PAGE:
It’s interesting what happens when you are placed (or place yourself) into a world completely different from what you’re used to. After a while, your brain starts to make adjustments. The length of time varies for everybody–I have a feeling it has a lot to do with how open-minded a person is and what his or her past experiences include–but eventually, we all adjust.
Studies have shown that being totally immersed in a foreign language is the best way to learn it, and although I believed that before I arrived in Costa Rica on Sunday, today I can say that I know it to be true from personal experience. Although I had a frustrating start mentally in regards to the Spanish language and my lack of knowledge thereof, today I feel really good because I have made some great strides. I have been amazed at how simple little vocabulary words that I learned in my high school “Spanish I” class have crept back in, either as I’ve attempted to read something or when I have seen something that I can suddenly, mysteriously identify.
All week long, I have been reading as much Spanish as possible, not as in books but as in signage, flyers, and anything else that is in bite-sized chunks. I have been reading it sometimes silently, sometimes in a whisper, and, when alone, out loud. Reading all of the words I see has helped greatly with comprehension because the meanings of many of those basic words I first learned in 1984 have returned to my brain and I have also started to understand things by using contextual clues.
Just as important to me as the understanding of the words is the vocalization and pronunciation, which is why I spent about fifteen to twenty minutes in the pool on Wednesday, reading the posted pool rules (“Uso de la piscina”) out loud, over and over and over and over again. I was rolling my “r’s” and glancing back and forth between each Spanish rule and its English equivalent, noting how the sentences were structured as I went.
The success of my immersion experiment this week has been largely affected by the openness of the people I’ve met here, folks who I will not forget. People are drawn to others who seem willing to absorb new experiences, try new things, and I think that especially applies when it comes to locals and tourists. I have been very lucky to have the time in which to work on my minimal skills with some of the locals here.
At every Casa Turire meal this week, I ordered my food by using the Spanish description in the menus, not just pointing at what I wanted. One of the servers at the hotel where we stayed for the bulk of the week, Juanita, was very friendly, patient, and appreciative of my efforts. Rather than jump in to rescue me as I inadvertently butchered her language, she let me try it and waited for me to ask for help before saying anything, which is exactly what I wanted. In addition to the great care she provided to me in general as a guest of the hotel, I truly appreciated her time when it came to my language practice. This morning when we checked out, I went to find her so I could say “Adios!” and give her an extra tip. I told her that I hoped I’d see her again and she said that she would await my return and have my “Desayuno Tipico”, with fried cheese instead of sausage, ready for me. I nearly cried when I left.
On Tuesday when we took the bus from Alajuela to Turrialba, we were taken directly to the plant where Jim and his co-workers needed to be, and a driver took me to the hotel from there. The driver, an adorable man who reminded me of Nintendo’s Mario (only with a baseball cap, button-down shirt and jeans rather than Mario’s traditional get-up), spoke no English, and the nearly fifteen-minute ride was completely silent except for when we said goodbye and I thanked him (in Spanish) for the ride. (Nothing complicated; just a “muchas gracias!”)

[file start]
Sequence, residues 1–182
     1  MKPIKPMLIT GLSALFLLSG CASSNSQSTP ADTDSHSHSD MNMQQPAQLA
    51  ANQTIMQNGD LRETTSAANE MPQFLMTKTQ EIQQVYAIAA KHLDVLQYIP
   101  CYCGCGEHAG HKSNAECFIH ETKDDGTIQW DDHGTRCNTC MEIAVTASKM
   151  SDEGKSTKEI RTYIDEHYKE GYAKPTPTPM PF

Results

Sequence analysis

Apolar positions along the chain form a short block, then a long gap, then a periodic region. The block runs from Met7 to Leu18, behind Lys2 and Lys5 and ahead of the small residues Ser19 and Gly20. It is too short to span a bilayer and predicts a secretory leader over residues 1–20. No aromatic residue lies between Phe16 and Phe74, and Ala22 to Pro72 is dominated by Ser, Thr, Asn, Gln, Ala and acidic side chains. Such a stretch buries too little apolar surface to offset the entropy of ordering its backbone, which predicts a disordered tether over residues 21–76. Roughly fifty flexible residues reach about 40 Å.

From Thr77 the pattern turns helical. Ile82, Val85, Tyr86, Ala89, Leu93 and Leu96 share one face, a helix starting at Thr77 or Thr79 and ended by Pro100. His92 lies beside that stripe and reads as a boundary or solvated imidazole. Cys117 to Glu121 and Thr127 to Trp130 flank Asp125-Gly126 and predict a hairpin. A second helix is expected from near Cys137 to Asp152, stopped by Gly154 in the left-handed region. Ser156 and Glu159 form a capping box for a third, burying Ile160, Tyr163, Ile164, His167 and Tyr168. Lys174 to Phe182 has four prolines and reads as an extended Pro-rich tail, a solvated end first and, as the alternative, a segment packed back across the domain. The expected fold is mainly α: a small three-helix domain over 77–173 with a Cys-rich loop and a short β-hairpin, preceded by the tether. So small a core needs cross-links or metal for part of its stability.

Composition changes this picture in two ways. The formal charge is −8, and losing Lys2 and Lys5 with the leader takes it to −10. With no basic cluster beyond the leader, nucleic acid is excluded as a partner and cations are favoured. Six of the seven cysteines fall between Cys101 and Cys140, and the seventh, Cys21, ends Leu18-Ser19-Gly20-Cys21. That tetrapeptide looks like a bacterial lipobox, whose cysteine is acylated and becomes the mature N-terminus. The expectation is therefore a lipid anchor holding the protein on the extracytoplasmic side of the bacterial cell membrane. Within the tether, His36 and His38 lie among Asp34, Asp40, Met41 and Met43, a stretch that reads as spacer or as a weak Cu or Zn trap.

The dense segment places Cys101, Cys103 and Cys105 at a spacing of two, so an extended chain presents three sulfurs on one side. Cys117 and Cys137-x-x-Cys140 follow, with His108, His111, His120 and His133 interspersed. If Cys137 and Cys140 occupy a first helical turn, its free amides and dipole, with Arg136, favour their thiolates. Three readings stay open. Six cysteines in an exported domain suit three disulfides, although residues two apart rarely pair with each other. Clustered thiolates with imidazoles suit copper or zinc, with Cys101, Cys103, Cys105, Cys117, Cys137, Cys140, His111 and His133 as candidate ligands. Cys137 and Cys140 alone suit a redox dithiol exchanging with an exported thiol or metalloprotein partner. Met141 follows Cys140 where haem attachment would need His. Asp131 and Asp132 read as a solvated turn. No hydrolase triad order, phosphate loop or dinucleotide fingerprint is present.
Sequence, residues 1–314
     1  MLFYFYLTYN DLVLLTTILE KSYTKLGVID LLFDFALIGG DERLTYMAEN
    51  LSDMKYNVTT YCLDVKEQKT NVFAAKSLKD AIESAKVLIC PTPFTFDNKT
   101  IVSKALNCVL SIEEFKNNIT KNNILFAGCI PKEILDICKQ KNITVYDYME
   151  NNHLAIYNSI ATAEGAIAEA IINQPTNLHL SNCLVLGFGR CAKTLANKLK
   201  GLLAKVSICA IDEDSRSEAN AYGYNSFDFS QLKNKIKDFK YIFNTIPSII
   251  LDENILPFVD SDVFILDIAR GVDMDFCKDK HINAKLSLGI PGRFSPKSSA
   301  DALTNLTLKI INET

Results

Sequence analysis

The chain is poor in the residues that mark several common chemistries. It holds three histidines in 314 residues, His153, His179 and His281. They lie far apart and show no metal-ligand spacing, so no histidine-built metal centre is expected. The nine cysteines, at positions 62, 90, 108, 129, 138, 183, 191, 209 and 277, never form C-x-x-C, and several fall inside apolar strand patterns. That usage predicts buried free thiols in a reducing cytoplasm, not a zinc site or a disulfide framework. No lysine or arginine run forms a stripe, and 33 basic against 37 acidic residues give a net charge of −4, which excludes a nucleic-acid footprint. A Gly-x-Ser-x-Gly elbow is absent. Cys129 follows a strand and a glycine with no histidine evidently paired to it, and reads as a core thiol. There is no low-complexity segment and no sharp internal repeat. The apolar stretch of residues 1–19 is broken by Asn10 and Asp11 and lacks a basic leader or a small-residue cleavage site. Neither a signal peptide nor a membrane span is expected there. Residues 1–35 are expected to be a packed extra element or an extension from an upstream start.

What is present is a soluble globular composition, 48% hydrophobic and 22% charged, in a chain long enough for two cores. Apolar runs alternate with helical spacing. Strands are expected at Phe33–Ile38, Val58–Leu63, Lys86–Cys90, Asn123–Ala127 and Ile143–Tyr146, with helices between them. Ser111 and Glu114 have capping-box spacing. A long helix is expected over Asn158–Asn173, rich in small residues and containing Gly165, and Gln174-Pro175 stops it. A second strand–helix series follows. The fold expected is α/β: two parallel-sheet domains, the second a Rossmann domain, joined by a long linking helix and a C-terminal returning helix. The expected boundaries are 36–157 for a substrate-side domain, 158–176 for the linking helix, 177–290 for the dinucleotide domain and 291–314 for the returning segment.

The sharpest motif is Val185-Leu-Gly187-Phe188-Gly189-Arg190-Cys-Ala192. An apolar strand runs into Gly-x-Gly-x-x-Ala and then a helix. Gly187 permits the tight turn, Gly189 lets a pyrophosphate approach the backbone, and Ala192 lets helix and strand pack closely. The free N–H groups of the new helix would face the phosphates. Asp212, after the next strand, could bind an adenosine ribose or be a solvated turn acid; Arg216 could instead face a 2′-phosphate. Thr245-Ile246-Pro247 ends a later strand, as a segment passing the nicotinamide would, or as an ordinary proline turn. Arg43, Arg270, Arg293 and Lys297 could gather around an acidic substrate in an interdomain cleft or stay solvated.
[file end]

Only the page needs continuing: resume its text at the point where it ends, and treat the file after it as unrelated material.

Yesterday was totally different. I made some attempts to communicate when he picked me up to bring me to the plant. Not in complete sentences, mind you, but when I saw one of the many unleashed dogs walking around as we drove up the street, I slowly said, “El perro?” He smiled and nodded. “Si! Perro!”
When we drove past the city’s stadium–the Estadio Municipal–I said, “Fútbol?” Again, he smiled and nodded, and said something about how this stadium was where the youngsters in town play soccer. (niños-ciudad-estadio-fútbol)
As we approached the plant, he pointed out the city cemetary (cementerio), which was high up on a hill, and we shared a laugh over a teenaged girl who was walking down the street, oblivious to everyone around her because she was texting. I said, “Also in estados unidos!” so he knew that it happens in my country, too.
That fifteen-minute drive was such a small part of my week, but in some ways it was huge. Just like I remember chatting in German to the best of my ability with the native cab driver in Dresden, Germany as he drove me to the airport, Cyndi Lauper’s “Time After Time” on the radio, this little moment in time with that adorable man from the plant will remain in my memory for a long time to come.
Today I read sign after sign after sign (we spent lots of time on the bus!) and was thrilled to figure out some sentence structure elements and figuratively patted myself on the back when I read a billboard advertisement for housepaint that translated to “Seven years of guarantee means you have seven years to relax!” I think somewhere along the way I forgot how much I enjoyed learning the ins and outs of foreign languages, and it’s been a joy this week to rediscover that on which I once focused so much energy. (I took German, Spanish, AND Russian in high school.)
So that’s that. Among the many wonderful experiences this trip has provided for me, a renewal of my love of learning foreign languages is one of the best things I’ll be taking home. That, some beautiful pictures, and my new Spanish iPad apps.